The defendants renewed their motion for discharge, which was denied, and defendants excepted.

Defendants then moved that the verdict be set aside and this was declined. They then moved that a mistrial be declared and that they be allowed a new trial. Motion denied, and defendants excepted. The defendants each moved in arrest of judgment. The motion was denied, and the defendants excepted.

Judgment thereupon followed the verdict, assigning to each defendant, Elmer Matthews and Jim Cook, two years confinement in jail to work under the supervision of the State Highway and Public Works Commission. Each defendant objected, and excepted, and appealed.

Attorney-General McMullan and Assistant Attorney-General Bruton for the State.

Robert S. Cahoon for defendants, appellants.

Seawell, J.

The record on appeal is voluminous and contains a multitude of exceptions. These required and have received careful consideration but space forbids elaboration here.

The phases of the trial most stressed in the appellants’ brief and oral argument, and in which they find the more serious challenge to its validity, will be' discussed.

1. The theory that defendants were entitled to a discharge as upon acquittal as grounded in the motions in arrest of judgment and similar motions affecting the verdict, has neither technical nor substantial merit. The theory is that there was only one charge against them, — that of felonious secret assault, — and the manner in which the court dealt with *626it bad the effect of nonsuiting tbe State thereon, which, under the statute operates as an acquittal, G.S. 15-173.

Consonant with the practice here we regard the effect of the action taken by the court as simply withdrawing from the consideration of the jury the more aggravating and more serious elements of the offense charged, leaving to their consideration the lesser crime or degree of the offense. This, within the frame of the case presented, was favorable to the defendants, and certainly within the law and approved practice. Without it, it would still have been competent for the jury to convict the defendants of a lesser degree of crime charged. G.S. 15-169, 170; S. v. Jackson, 199 N.C. 321, 154 S.E. 402; S. v. Williams, 185 N.C. 685, 116 S.E. 736; S. v. High, 215 N.C. 244, 1 S.E. 2d 563; S. v. Jones, 222 N.C. 37, 38, 21 S.E. 2d 812; S. v. Bentley, 223 N.C. 563, 27 S.E. 2d 738; S. v. Weinstein, 224 N.C. 645, 31 S.E. 2d 920; S. v. Oxendine, 224 N.C. 825, 32 S.E. 2d 648.

The withdrawal of the more aggravated charge from consideration by the jury and submission of the less aggravated phase of the offense was within the discretion of the trial judge.

Closely parallel with the foregoing subject was the exception taken to the fact that the trial judge did not receive the verdict of the jury as first tendered, in response to the formal question of the court as to how they had found. In it they found both defendants guilty, answering, “Yes, guilty of aiding and abetting,” but the judge sent the jury back for further deliberation after further instructing them as to the significance of aiding and abetting while present.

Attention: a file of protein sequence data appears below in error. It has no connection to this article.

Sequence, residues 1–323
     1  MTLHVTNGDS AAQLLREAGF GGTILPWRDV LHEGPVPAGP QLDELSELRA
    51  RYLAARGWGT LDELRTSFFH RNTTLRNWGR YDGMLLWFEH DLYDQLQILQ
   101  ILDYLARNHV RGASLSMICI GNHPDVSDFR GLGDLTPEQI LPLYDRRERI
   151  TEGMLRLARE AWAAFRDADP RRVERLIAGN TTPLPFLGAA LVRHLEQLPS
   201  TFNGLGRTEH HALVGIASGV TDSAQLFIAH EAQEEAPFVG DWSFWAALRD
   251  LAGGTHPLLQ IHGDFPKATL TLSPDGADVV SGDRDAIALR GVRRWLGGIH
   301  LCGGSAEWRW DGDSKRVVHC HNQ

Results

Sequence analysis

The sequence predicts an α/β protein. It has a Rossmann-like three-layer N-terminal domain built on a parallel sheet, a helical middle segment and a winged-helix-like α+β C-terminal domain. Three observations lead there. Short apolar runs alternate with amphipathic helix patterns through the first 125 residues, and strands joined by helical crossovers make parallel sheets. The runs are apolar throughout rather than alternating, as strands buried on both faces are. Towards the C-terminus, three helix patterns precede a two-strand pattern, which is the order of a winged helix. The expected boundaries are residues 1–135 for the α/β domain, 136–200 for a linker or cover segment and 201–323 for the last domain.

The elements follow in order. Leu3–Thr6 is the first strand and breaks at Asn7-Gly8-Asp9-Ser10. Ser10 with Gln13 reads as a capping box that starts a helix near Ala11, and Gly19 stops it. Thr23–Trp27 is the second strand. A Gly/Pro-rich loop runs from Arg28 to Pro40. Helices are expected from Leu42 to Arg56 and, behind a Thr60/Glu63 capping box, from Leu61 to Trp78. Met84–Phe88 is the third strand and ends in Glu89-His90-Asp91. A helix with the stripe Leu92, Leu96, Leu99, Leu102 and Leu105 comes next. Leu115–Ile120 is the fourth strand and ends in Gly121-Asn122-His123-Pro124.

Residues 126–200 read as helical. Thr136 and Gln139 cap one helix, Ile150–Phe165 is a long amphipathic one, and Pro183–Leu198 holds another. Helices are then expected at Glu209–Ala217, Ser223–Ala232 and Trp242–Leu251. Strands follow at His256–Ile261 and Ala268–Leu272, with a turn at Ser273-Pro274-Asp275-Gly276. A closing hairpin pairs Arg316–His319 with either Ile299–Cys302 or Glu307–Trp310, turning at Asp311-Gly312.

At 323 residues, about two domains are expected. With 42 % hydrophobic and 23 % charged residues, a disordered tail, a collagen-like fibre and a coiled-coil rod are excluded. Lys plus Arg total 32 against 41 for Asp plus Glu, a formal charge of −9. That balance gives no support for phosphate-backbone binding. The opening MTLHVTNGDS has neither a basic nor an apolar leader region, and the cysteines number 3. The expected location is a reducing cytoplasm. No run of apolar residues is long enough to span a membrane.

The answer to this objection may be found in S. v. Perry, 225 N.C. 174, 33 S.E. 2d 869, loc. cit., 176:

“When, and only when, an incomplete, imperfect, insensible, or repugnant verdict or a verdict which is not responsive to the issues or indictment is returned, the court may decline to accept it and direct the jury to retire, reconsider the matter, and bring in a proper verdict. S. v. Arrington, 7 N.C. 571; S. v. McKay, 150 N.C. 813, 63 S.E. 1059; S. v. Bazemore, supra (193 N.C. 336); S. v. Noland, 204 N.C. 329, 168 S.E. 412; Queen v. DeHart, 209 N.C. 414, 184 S.E. 7.”

See also S. v. Wilson, 218 N.C. 556, 11 S.E. 2d 567.

The conclusion to which the jury had come was not materially changed by their further consideration. S. v. Forshee, 228 N.C. 268, 45 S.E. 2d 372; S. v. Thompson, 227 N.C. 19, 40 S.E. 2d 620.

The instruction given was called for by the evidence that tended to show that the defendants acted in concert. S. v. Gibson, 226 N.C. 194, *62737 S.E. 2d 316; among other things accommodating the person chosen to do the shooting by jockeying the car so that upon its return the shot could be fired out of the right window by a right-handed person.

Defendants were tried for an assault with a deadly weapon and no special evidence was required beyond the intent to commit the unlawful act, and this will he inferred or presumed from the act itself. 1 McClain’s Criminal Law, secs. 239, 240.

2. The appellants urge that the confessions made by these defendants were involuntary and should have been denied admission in evidence. There is no suggestion that either of them was coerced, threatened, subjected to torture, physical or mental, worn down by repeated questioning, or otherwise mistreated in order to produce a confession as the purchase price of surcease from pain or weariness. The contention is that there was some implied promise, or at least hope held out in the conversation between Wyatt and Cook that the defendant would be treated more leniently. Wyatt had said, “Jim, we know it was you. You had better come clean.” There was no further inducement.